Sunday, February 10, 2013
– Blown Away
took home two Grammys on Sunday: for Best Country Solo Performance by Carrie Underwood and Best Country Song for songwriters Josh Kear and Chris Tompkins.
"Wow," Underwood said. "Country music has always been so good to me, and I thank the Good Lord that I've been always part of such an amazing, talent family."
Underwood also had the chance to sing the song with different reflections going on her dress.
Zac Brown Band won the Country Album Grammy for "Uncaged." Brown gave thanks to various people associated with the group's career including "the fans."
Little Big Town won Best Country Duo/Group Performance for Pontoon at the Grammys awards.
LBT took the honor over Young Band's Even If It Breaks Your Heart, Taylor Swift & The Civil Wars for Safe & Sound, The Tim Jumpers for On the Outskirts of Town and Don Williams Featuring Alison Krauss on I Just Come Here For the Music.
Blown Away took Best Country Song for writers Josh Kear and Chris Tompkins. Carrie Underwood, of course, sang it. Other nominees were Cost of Livin' by Phillip Coleman and Ronnie Dunn (Dunn sang it); Even If It Breaks Your Heart by Will Hoge and Eris Paslay (Elio Young Band); So You Don't Have to Love Me Anymore, by Jay Knowles and Adam Wright (Alan Jackson) and Springsteen by Eric Church, Jeff Hyde and Ryan Tyndell (Church).
Bonnie Raitt took home Best Americana Album for "Slipstream." The vet took it over Mumford & Sons for "Babel," The Avett Brothers for "The Carpenter," virtual unknown John Fullbright for "From the Ground Up" and The Lumineers for their self-titled disc.
The Steep Canyon Rangers won Best Bluegrass Album for "Nobody Knows You." Dailey & Vincent were nominated as well for "The Gospel Side of Dailey & Vincent," The Grascals for "Life Finds a Way," Noam Pikelny for "Beat the Devil and Carry a Rail" and Special Consensus for "Scratch Gravel Road."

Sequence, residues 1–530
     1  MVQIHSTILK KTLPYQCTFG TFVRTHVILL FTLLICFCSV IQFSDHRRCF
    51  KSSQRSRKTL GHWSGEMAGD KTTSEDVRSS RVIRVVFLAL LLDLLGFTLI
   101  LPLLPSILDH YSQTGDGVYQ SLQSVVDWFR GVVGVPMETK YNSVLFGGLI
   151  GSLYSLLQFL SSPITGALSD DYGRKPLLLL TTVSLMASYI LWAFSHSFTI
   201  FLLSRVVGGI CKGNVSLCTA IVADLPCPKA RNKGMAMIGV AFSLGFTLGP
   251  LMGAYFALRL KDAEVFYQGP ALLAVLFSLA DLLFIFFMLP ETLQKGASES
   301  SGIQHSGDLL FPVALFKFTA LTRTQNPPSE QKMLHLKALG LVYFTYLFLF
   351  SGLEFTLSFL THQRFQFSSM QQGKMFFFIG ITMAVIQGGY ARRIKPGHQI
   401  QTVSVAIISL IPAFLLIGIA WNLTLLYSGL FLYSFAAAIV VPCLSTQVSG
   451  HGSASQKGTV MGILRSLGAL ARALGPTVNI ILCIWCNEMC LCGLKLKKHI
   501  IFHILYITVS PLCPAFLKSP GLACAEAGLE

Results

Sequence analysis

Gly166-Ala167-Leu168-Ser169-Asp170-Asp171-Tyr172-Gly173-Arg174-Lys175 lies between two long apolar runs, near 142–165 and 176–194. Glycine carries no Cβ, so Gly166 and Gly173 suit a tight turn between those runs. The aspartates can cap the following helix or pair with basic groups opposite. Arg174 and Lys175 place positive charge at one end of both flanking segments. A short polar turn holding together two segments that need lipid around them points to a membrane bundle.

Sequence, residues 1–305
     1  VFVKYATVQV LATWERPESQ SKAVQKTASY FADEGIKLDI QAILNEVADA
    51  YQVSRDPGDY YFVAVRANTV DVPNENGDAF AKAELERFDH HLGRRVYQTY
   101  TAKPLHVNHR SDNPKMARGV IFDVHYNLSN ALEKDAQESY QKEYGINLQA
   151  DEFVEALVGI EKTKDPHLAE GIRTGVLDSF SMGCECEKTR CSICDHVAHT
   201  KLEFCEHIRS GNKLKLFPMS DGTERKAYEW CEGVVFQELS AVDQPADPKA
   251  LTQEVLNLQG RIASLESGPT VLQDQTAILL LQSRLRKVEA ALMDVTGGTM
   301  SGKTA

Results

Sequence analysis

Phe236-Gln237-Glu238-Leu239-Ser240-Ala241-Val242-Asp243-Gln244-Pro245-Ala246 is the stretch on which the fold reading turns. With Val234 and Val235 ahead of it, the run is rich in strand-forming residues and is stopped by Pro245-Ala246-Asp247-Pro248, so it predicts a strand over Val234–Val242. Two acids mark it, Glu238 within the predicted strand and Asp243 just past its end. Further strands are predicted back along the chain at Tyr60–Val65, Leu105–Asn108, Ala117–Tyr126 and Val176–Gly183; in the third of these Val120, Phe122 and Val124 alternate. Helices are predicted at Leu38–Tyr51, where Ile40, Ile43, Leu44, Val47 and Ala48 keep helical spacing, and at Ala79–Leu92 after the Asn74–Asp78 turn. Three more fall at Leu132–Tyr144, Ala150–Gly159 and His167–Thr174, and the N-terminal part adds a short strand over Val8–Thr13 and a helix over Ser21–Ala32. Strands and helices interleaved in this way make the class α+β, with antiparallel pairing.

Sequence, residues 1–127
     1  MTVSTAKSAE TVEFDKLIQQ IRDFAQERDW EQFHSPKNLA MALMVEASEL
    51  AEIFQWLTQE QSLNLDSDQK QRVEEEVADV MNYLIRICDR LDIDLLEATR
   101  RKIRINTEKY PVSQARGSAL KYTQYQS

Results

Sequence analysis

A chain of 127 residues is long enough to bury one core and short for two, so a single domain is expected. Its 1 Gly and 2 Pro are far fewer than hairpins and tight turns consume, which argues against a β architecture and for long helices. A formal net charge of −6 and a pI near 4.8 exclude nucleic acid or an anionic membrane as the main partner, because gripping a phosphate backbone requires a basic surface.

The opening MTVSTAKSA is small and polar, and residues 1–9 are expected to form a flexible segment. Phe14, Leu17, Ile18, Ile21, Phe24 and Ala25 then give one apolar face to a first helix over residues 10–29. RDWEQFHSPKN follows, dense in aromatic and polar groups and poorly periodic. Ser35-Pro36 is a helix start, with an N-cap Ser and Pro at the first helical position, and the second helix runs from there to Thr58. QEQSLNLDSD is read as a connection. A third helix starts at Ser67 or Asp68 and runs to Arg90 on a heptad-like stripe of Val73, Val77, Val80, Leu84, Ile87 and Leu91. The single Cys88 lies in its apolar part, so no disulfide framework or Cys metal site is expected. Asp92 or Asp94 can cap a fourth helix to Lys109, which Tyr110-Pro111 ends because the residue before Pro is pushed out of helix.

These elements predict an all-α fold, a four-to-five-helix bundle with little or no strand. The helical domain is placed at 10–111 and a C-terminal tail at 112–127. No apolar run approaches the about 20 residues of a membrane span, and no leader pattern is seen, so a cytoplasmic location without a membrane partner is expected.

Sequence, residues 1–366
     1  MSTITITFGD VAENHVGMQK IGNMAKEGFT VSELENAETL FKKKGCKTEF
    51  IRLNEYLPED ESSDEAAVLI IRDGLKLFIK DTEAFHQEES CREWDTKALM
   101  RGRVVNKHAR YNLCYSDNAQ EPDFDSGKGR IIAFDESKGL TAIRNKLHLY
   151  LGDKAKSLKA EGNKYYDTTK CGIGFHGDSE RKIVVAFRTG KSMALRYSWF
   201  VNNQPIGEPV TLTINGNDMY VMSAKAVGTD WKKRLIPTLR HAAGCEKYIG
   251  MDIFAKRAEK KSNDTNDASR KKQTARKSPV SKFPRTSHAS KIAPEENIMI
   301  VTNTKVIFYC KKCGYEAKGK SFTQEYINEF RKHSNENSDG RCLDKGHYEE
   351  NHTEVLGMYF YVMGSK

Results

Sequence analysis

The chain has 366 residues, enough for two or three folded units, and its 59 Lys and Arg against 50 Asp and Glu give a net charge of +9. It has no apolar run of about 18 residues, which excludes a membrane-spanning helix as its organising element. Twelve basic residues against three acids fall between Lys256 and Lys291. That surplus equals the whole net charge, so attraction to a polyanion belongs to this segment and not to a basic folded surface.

Best Folk Album went to "The Goat Rodeo Sessions" for Yo-Yo Ma, Stuart Duncan, Edgar Meyer and Chris Thile. Carolina Chocolate Drops for "Leaving Eden," Ry Cooder for "Election Special," Luther Dickinson for "Hambone's Meditations" and Various Artists for "This One's For Him: A Tribute to Guy Clark" also were nominated.
The disc also took Best Engineered Album, Non-Classical for Richard King, engineer and Richard King, mastering engineer.
Mumford & Sons took Best Long Form Music Video for "Big Easy Express" with Edward Sharpe & The Magnetic Zeros and Old Crow Medicine Show.
The show included a tribute to the late Levon Helm with a rendition of The Weight. The tribute included Mumford & Sons, Brittany Howard of Alabama Shakes, Mavis Staples, Elton John, Zac Brown and T Bone Burnett.
More news for Little Big Town
CD reviews for Little Big Town
For some, listening to Little Big Town will be an act of searching for something at least half as catchy as "Pontoon," yet without success. Whenever a group creates such a fantastically memorable single, the prospect of following it up successfully can be a bit of a handicap. With that said, though, "Pain Killer" is a pretty good pop-country album, as pop-country albums go.
Although Little Big Town has never been known to be rockers, the rollicking "Save Your Sin" »»»
When the chorus to Leavin' in Your Eyes kicks in with some lovely layered vocals, it's tempting to compare Little Big Town to Fleetwood Mac. After better sense kicks in, though, it's more reasonable to categorize LBT as Fleetwood Mac-lite, at best. All that '70s cocaine and infidelity made Fleetwood Mac so much darker than anything modern day Nashville could ever produce. To its credit, though, Fleetwood Mac could never produce anything nearly as catchy as Pontoon, easily the »»»
The Reason Why
Little Big Town has bounced around the country music industry through no fault of their own, but when it comes to the music, LBT moves beyond its role as the country successor to Fleetwood Mac. Similar to that touchstone, LBT has the two male, two-female line-up, including a married couple (Karen Fairchild and Jimi Westbrook). More importantly, soaring harmonies rule as evidenced from the get go on the bouncy title track.
But on their third label (Monument Nashville for their self-titled debut »»»
Editorial: Walking the talk